Insiders say Corey was just the wrong person for the job because she had little prior investigative experience and was new to hate crimes. They saw her promotion as evidence of the department’s low regard for their work, even as bias cases were rising to their highest levels in a generation.

Bias crimes are especially devastating because they impact an entire community, said Jo-Ann Yoo, executive director of the Asian American Foundation

Bias crimes are especially devastating because they impact an entire community, said Jo-Ann Yoo, executive director of the Asian American Foundation

One detective who worked under Corey said: ‘I have no idea why they chose her for that position. It seems like they were trying to fit a square peg into a round hole. She came from a patrol background.’

The HCTF shakeup comes as the city is experiencing a terrifying surge in hate crimes, with 524 complaints last year — a 96 percent spike.

Asian hate crimes skyrocketed 343 percent from 2020 to 2021, with 133 people targeted.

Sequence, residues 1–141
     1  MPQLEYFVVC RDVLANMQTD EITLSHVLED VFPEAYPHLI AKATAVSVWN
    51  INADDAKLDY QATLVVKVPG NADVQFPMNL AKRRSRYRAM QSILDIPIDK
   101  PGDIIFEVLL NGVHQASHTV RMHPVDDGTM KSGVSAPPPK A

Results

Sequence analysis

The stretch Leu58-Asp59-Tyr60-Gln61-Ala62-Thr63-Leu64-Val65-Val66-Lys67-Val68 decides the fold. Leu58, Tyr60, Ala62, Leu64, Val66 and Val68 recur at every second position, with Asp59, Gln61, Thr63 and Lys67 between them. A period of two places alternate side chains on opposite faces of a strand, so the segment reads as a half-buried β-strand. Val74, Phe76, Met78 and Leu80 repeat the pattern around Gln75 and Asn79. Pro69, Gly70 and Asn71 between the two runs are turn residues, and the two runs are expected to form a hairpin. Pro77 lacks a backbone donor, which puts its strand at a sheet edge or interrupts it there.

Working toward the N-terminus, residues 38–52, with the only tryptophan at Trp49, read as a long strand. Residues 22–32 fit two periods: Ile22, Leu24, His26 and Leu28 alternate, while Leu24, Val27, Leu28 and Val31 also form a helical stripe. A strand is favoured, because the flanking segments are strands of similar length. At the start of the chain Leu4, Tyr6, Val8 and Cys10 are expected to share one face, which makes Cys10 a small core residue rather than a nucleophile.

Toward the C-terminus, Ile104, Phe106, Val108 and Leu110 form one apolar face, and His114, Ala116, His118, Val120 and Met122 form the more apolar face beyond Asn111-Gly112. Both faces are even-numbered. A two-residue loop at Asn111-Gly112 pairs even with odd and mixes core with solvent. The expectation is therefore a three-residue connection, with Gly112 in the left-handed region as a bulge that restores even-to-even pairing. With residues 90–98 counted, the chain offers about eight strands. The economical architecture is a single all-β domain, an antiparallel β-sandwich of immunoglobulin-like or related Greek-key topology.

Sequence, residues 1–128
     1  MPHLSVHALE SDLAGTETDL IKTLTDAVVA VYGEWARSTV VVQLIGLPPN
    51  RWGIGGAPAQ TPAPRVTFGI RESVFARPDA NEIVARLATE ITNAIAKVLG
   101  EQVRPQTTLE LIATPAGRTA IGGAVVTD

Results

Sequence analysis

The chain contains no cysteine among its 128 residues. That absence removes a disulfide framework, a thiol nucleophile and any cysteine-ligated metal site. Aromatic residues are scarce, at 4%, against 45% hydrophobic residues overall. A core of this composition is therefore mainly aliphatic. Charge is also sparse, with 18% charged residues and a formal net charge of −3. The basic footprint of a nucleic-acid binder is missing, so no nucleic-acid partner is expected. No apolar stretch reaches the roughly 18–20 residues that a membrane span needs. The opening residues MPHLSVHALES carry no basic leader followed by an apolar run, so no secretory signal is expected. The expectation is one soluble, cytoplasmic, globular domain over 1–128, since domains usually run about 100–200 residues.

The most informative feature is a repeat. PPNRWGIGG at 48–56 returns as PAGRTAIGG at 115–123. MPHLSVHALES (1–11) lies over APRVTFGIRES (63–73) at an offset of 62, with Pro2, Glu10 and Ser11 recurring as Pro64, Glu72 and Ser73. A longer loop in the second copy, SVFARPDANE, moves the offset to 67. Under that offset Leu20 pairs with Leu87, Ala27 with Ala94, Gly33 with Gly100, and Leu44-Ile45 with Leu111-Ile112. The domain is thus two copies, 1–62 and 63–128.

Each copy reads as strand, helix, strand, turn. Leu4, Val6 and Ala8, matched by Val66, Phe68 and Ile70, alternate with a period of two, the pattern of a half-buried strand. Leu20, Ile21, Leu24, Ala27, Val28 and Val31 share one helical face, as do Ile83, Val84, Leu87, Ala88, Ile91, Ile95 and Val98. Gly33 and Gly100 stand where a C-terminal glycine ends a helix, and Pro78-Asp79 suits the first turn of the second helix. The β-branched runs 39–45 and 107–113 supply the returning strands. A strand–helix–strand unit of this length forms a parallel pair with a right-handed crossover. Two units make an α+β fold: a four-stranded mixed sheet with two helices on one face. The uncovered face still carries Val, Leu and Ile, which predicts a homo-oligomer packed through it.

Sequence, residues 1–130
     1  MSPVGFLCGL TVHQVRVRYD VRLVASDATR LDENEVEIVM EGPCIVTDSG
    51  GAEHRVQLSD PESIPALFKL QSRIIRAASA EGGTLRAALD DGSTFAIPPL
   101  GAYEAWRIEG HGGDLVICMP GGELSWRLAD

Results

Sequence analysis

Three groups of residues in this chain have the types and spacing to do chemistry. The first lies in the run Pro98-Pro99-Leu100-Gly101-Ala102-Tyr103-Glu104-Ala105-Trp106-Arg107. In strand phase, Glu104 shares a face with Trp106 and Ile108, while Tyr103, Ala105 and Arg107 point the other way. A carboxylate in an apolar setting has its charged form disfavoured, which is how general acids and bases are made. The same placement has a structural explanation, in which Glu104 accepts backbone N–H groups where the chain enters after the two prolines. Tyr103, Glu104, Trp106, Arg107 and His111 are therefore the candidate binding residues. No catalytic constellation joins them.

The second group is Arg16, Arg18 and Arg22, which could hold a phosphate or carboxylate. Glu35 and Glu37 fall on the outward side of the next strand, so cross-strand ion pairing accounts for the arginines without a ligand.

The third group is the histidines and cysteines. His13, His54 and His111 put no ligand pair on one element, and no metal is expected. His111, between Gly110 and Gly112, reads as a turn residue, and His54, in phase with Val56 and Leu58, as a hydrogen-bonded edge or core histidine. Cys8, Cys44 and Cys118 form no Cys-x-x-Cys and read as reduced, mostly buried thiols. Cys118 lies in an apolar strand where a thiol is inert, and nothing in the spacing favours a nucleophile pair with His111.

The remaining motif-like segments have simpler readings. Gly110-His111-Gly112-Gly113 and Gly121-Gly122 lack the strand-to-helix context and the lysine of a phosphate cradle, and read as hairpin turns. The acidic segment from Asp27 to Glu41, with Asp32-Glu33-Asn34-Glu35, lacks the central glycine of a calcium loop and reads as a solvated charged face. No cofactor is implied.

Hate crimes against Jewish people have also surged, with police logging 56 suspected anti-Semitic crimes for February, quadruple the same month last year. There was only one anti-Hispanic hate crime reported in 2020. Last year there were eight.

Some of the attacks have proved deadly.

Michelle Go, 40, a Deloitte consultant, was shoved under a moving subway train by a homeless man in Times Square on January 15.

We had no desk, one phone line and all our notes and evidence were packed in boxes and lined up on the wall 

Christina Yuna Lee, 35, was stabbed to death February 13 by a serial criminal after she was followed into her apartment building in Manhattan’s Chinatown.

Yao Pan Ma, 61, died on December 31, eight months after he was brutally beaten by a career criminal as he was collecting cans to make money for his family.  

And GuiYing Ma, 61, an Asian grandmother who was sweeping her sidewalk in Jackson Heights, was smashed in the face with a rock in November and died from her injuries February 22.

Just last week a 29-year-old Asian man was attacked with a hammer, allegedly by Christian Jeffers, 48, at Manhattan’s 14th Street subway station. Jeffers, who was wearing a wig and purple lipstick, has been charged with second-degree assault and faces possible hate crimes charges.

‘He was looking for trouble,’ the victim said. ‘We’re trying to live our lives as well as we can, you know, and it’s just unfortunate that we have to face all these adversities, along with just all the struggles in life.’

The HCTF has faced criticism for the fact that many of the cases they investigate remain unsolved. There were 524 complaints last year, and only 219 people were arrested.